Johnnie Taylor is one of those guys who built a reputation on a few hits. But those few hits were soul masterpieces. "Disco Lady," "Take Care of Your Homework" and "Whoís Making Love" will forever reign supreme in the hearts of many. To my surprise I found that this southern soul man has recorded almost 30 albums over the years. I was also impressed to find out that he was a member of the Highway QCís and the Soul Stirrers with Sam Cooke before embarking on a solo career. "Just Ainít Good Enough" was originally released in 1982. This was some seven years after his biggest hit, "Disco Lady." None of his subsequent five albums for Columbia would catch on like the "Disco Lady" album. This led to his signing with the short-lived Beverly Glen label. Listening to Just Ainít Good Enough, brings back the smooth, sassy sound of Taylor from that era. He states in the liner notes that he was disappointed not with the musical content but with the poor promotion by Beverly Glen. The music doesnít sound any different from the previous Columbia output. That "Johnnie Taylor formula" could be characterized by suave, moderate, but not over-emotional vocals. Gospel-tinged feeling but not really testifying. Big horn arrangements. Crooning female background chorus. The beat is a solid dance groove but not with the heat of disco dancing, a medium tempo cross between a slow drag and a club dance beat. Oh, and we canít forget the trademark JT shriek ala James Brown/Wilson Pickett usually heard in the fadeout.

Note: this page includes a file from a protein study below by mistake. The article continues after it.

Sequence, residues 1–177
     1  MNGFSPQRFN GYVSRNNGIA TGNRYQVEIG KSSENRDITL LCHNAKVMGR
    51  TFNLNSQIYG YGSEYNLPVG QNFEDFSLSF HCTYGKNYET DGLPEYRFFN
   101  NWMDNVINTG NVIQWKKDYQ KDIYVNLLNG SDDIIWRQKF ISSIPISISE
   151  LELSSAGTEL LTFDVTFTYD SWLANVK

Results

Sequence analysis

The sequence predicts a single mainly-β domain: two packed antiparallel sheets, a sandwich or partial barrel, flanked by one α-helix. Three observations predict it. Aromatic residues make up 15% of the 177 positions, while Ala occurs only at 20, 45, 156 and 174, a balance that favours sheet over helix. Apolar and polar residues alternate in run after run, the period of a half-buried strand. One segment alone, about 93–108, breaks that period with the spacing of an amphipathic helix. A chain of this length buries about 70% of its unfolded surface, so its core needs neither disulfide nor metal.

I went back and listened to all my old Johnnie Taylor albums and realized that chronologically by the time this album came together J.T. was truly entrenched in his own soul style. His earlier Stax songs and hits were similar to other Stax artists. Songs like "Somebodyís Sleeping in My Bed," and "Steal Away" could have been handled by a number of singers on the Stax roster. He developed his signature sound on the later Columbia and this Beverly Glen album.
When listening to the songs you have to keep from thinking this is Bobby Womack. The sound is similar but not with as much "preaching" as with "The Poet." Taylor has a stellar backing crew on this CD. He has ríní b masters David T. Walker and Paul Jackson on guitar, Nathan East on bass, James Gadson on drums , the Waters on background vocals and arrangements by Gene Page. Patrick Moten contributed keyboards and wrote 3 of the 6 songs on the album. Yes there are only 6 songs on the album and it is a very short 35 minutes running time. Before you know it, this CD is over. Too bad because when you hear the songs "What About My Love" and "I Need a Freak" and "Donít Wait," you want to hear more. I guess 3 out of six songs is a pretty good "track "record.
The Baker/Northrop Media Group, Cary Baker
This review is copyright © 2000 by Putnay Thomas, and Blues On Stage, all rights reserved.